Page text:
And if we, I believe, continue to adhere to its basic principles, we will see a continuation and a revitalization of the unprecedented era of discovery and innovation, which our previous speaker so eloquently spoke to and which has benefited our quality of life and our national security, but importantly has enhanced life for people around the globe. Now, I said that Van Bush was a MIT alum, but actually he was a 1913 graduate of Tufts University. But then he entered graduate school at MIT and received his doctorate in electrical engineering jointly from MIT and the place up the street called Harvard in 1917.

Now, during the last year of World War I, Dr. Bush worked at the National Research Council improving techniques for detecting submarines. And while he was there, he observed a lack of coordination between civilian scientists and the military. And he began to formulate his ideas about the interrelationships among scientists in the government, academic, and industry sectors. And later, he returned here to MIT, joining the Department of Electrical Engineering a professor where he was from 1923 to 1932, becoming vice president and dean of engineering from 1932 through 1938.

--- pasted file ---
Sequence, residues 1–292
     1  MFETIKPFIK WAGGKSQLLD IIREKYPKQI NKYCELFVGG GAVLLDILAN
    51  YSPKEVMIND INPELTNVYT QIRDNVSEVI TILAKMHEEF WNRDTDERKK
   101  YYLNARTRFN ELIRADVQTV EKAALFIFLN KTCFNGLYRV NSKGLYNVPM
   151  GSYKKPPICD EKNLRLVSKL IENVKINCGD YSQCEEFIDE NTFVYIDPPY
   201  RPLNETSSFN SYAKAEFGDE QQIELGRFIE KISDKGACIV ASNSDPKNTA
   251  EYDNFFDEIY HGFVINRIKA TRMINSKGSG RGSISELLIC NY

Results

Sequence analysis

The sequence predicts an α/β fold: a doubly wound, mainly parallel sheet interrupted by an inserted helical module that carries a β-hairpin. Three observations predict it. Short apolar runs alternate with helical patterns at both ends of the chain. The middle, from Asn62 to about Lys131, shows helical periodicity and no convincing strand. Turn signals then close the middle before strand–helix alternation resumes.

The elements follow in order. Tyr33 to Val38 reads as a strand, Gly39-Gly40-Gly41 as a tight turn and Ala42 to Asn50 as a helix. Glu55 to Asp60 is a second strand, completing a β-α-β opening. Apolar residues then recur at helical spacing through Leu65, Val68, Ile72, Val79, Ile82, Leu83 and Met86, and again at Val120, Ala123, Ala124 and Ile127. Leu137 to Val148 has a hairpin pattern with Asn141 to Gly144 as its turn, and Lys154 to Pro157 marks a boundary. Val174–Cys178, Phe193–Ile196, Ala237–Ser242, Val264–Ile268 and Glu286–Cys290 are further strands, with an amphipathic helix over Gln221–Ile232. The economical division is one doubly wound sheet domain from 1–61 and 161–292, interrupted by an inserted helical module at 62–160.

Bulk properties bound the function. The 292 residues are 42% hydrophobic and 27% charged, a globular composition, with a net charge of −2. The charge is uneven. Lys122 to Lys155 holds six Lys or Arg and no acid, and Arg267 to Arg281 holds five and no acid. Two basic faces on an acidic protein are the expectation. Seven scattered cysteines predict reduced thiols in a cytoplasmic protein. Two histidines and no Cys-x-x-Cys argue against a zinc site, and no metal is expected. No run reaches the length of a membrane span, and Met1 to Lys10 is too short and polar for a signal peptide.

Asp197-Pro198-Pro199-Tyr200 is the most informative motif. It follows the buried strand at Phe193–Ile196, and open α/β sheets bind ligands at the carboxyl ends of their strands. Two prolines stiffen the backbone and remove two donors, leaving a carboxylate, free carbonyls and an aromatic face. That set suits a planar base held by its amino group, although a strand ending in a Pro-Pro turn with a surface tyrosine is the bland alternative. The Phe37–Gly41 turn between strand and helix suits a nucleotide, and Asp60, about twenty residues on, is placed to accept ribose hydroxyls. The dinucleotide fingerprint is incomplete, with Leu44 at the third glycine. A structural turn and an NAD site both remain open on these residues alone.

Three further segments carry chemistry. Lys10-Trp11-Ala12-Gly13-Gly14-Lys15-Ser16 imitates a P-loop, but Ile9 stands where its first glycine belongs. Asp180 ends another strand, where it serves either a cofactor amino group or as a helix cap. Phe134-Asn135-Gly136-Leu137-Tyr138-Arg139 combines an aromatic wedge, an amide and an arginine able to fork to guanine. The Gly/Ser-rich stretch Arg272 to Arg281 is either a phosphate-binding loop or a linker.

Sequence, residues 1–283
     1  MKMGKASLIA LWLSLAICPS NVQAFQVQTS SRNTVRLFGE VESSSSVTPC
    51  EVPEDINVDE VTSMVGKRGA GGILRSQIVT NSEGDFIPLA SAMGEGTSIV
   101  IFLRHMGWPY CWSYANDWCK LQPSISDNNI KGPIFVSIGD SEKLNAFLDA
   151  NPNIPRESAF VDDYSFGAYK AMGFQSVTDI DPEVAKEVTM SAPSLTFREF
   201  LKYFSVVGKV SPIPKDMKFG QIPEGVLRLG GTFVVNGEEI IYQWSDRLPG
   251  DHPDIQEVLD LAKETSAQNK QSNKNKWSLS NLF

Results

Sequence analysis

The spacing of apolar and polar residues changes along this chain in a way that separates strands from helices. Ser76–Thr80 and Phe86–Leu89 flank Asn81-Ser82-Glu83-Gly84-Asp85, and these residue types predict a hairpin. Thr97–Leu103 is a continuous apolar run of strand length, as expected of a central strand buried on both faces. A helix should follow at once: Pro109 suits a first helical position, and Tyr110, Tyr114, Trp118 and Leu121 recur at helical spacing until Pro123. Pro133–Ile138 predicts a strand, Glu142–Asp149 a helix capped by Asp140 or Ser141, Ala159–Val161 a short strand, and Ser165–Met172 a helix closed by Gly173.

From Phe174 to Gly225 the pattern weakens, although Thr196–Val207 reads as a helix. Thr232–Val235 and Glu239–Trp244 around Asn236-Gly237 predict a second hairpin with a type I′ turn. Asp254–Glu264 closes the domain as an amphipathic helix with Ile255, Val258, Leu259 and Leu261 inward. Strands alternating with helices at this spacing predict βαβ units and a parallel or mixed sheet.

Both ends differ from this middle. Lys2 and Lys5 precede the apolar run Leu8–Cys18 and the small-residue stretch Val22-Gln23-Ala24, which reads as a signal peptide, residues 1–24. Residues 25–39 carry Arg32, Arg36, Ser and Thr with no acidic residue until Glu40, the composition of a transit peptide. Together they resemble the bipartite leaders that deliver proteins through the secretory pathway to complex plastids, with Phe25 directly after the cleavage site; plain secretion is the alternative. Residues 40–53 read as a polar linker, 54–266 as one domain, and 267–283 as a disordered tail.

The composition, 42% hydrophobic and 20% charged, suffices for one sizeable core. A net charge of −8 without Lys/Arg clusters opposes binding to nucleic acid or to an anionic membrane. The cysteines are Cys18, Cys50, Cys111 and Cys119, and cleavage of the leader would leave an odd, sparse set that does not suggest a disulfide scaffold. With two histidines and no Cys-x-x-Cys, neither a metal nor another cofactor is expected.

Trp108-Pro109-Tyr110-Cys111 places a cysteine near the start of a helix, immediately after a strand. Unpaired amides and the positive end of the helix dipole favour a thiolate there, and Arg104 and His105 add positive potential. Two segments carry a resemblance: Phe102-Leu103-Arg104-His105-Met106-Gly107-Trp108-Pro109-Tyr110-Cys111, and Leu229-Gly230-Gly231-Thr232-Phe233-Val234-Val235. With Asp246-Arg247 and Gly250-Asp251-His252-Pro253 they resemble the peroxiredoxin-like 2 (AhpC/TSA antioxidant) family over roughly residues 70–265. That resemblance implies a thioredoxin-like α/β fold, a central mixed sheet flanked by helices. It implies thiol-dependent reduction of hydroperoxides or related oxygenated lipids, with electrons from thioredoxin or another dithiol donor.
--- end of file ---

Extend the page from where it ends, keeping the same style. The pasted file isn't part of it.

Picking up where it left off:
And while here, he built a mechanical analog computer designed to solve differential equations with as many as 18 variables using wheel and disk mechanisms to perform the integration. This was before the invention of the discovery of the transistor effect and the invention of other things. Now, one of his grad students was Claude Shannon and another, Frederick Turman, who was instrumental in the genesis of Silicon Valley.

Now, in 1939, Dr. Bush assumed the presidency of the Carnegie Institution of Washington, which supported intramural research and awarded scientific research grants to researchers at other places. And subsequently, he held a series of federal scientific research titles. Now, throughout much of the 19th century, I have to tell you, federally sponsored scientific research had been centered at federal establishments such as the Smithsonian Institution, the US Geological Survey, and a network of agricultural experiment stations established by the 1887 Hatch Act and was charged with conducting research to improve American agriculture.

Now, scientists at universities, on the other hand, were involved in advanced scientific research funded primarily by private donors, philanthropic foundations, state legislatures, and, of course, student tuitions. Now, during the period between World Wars I and II, the science community expressed skepticism, even some antagonism toward the concept of federal funding. Their experience of conducting research within a university environment fostered their allegiance to academic freedom. And they feared that government funding might lead to government control and the relinquishment of intellectual freedom. But singular events shift paradigms.